The dam bursts….and I’m not talking about the one in Derbyshire


One recent story that much of the media missed was that Blackrock, one of the world’s largest asset management firms, lost some $90 billion investing in fossil fuel companies. As a result its reducing its investment in this sector and putting the money into renewable energy instead.

This answers a question I asked sometime ago, how long more is the financial services industry going to continue pouring good money after bad investing in fossil fuels. Well it seems we might be reaching the point where the dam has burst. The trouble is that since the 2000’s the CAPEX required to develop new oil field has been going up at the same time that the rate of return has been going down. This is not surprising as all the easy to produce oil and gas fields have already been drilled (or those fields have been exhausted). Those that are left are more expensive to drill, often as they are in less than ideal locations (or represent smaller pockets of oil), or because they are unconventional sources (shale gas, tar sands, etc.).


Now the trouble with oil fields is its kind of like a box of chocolates, you never know what you’re going to get, how much oil will be produced and at what price you’ll be able to sell it at. And needless to say the low oil prices of recent years hasn’t helped, making it very hard to turn a profit. Hence the reduced rate of return. It also serves to make oil a much more risky investment. Which is a big deal for investors. They will typically spread their money out, putting the bulk into safe “boring” investments (blue chip stocks, mortgages, government bonds) and then different tranches of riskier investments. With  a higher return expected the riskier the investment becomes.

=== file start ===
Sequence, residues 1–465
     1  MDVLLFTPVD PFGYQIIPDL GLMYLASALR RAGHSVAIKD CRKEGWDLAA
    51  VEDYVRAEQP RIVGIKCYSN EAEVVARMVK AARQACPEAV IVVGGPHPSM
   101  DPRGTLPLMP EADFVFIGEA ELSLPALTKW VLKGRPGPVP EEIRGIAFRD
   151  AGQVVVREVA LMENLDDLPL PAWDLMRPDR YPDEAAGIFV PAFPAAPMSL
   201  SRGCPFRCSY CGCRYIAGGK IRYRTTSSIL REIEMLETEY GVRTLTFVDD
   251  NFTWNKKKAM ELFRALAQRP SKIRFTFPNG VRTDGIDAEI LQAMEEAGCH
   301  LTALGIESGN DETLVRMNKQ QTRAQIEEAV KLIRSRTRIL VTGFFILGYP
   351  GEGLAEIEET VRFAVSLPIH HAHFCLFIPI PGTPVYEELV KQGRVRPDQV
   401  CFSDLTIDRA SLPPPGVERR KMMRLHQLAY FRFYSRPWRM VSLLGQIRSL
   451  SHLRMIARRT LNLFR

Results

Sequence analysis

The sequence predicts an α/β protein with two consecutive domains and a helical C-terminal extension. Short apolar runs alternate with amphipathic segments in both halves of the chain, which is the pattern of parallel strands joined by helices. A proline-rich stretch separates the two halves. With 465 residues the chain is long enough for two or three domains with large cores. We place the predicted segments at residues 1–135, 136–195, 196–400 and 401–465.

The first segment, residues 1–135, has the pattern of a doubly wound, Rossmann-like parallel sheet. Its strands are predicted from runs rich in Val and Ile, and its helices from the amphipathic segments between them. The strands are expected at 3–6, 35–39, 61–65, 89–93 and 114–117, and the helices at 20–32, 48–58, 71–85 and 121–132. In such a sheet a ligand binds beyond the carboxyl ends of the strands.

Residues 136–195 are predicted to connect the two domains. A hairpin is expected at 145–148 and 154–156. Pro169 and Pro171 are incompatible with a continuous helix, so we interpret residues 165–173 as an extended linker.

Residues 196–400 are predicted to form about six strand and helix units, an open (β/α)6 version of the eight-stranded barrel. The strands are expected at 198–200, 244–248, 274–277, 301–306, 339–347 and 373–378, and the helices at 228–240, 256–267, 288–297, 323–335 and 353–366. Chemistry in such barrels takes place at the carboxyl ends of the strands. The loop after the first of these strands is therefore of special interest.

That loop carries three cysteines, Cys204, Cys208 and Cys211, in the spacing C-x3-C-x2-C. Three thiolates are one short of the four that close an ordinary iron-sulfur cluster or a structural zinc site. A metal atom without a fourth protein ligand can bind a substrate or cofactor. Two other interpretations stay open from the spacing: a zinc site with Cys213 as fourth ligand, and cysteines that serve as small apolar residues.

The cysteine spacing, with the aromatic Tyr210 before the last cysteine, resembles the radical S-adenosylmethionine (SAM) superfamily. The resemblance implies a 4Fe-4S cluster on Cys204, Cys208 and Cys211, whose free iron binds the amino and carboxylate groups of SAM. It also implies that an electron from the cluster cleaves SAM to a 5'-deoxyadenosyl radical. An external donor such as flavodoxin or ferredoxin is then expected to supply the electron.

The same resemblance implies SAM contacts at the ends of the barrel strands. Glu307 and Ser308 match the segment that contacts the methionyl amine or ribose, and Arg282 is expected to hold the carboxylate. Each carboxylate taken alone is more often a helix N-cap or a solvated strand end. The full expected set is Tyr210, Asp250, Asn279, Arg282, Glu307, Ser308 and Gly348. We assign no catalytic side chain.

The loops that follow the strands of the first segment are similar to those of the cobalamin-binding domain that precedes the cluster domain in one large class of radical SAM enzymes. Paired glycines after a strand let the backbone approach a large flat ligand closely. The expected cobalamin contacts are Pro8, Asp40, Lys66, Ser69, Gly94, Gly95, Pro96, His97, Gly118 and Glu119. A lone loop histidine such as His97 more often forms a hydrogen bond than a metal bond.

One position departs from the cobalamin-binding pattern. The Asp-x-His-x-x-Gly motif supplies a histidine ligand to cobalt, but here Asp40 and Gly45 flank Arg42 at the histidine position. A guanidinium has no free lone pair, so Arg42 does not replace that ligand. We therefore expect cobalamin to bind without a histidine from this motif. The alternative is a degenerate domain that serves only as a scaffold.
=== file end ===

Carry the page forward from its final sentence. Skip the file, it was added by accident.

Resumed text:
Oil has traditionally been seen as a fairly safe bet. But since the shale gas boom under Bush, its become something of a wild west. Yes there’s money too be made, but it means you need to pump in more cash up front and be prepared to take on more risk. Which might be fine for some Texas oil men, but not for others, as they have shareholder who’ll skin them alive if they lose that much money. Certain firms, notably pension funds, are often forbidden from undertaking any form of investment above a certain level of risk. And the snake oil tactics some in the oil industry have engaged in, notably in the selling of shale gas plays, has hardly helped endear them to wall street investors.


And of course climate change makes investment in certain industries a lot more risky, most notably the oil industry. The bank of England has actually issued warnings to that effect. Not least because climate change could trigger another financial crisis (as if companies didn’t have enough reasons to shun investment in fossil fuels already!).